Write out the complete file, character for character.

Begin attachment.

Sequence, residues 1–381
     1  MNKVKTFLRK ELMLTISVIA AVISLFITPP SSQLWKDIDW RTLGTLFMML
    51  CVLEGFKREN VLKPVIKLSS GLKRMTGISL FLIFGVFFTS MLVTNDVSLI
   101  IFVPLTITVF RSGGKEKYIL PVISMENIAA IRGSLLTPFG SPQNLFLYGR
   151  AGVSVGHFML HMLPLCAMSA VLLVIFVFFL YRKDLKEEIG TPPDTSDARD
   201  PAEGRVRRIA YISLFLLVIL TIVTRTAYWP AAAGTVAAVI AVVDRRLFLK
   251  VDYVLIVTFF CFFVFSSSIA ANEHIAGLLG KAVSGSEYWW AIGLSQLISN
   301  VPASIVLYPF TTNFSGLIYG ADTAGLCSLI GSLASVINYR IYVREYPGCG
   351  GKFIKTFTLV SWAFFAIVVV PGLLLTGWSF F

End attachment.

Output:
Sequence, residues 1–381
     1  MNKVKTFLRK ELMLTISVIA AVISLFITPP SSQLWKDIDW RTLGTLFMML
    51  CVLEGFKREN VLKPVIKLSS GLKRMTGISL FLIFGVFFTS MLVTNDVSLI
   101  IFVPLTITVF RSGGKEKYIL PVISMENIAA IRGSLLTPFG SPQNLFLYGR
   151  AGVSVGHFML HMLPLCAMSA VLLVIFVFFL YRKDLKEEIG TPPDTSDARD
   201  PAEGRVRRIA YISLFLLVIL TIVTRTAYWP AAAGTVAAVI AVVDRRLFLK
   251  VDYVLIVTFF CFFVFSSSIA ANEHIAGLLG KAVSGSEYWW AIGLSQLISN
   301  VPASIVLYPF TTNFSGLIYG ADTAGLCSLI GSLASVINYR IYVREYPGCG
   351  GKFIKTFTLV SWAFFAIVVV PGLLLTGWSF F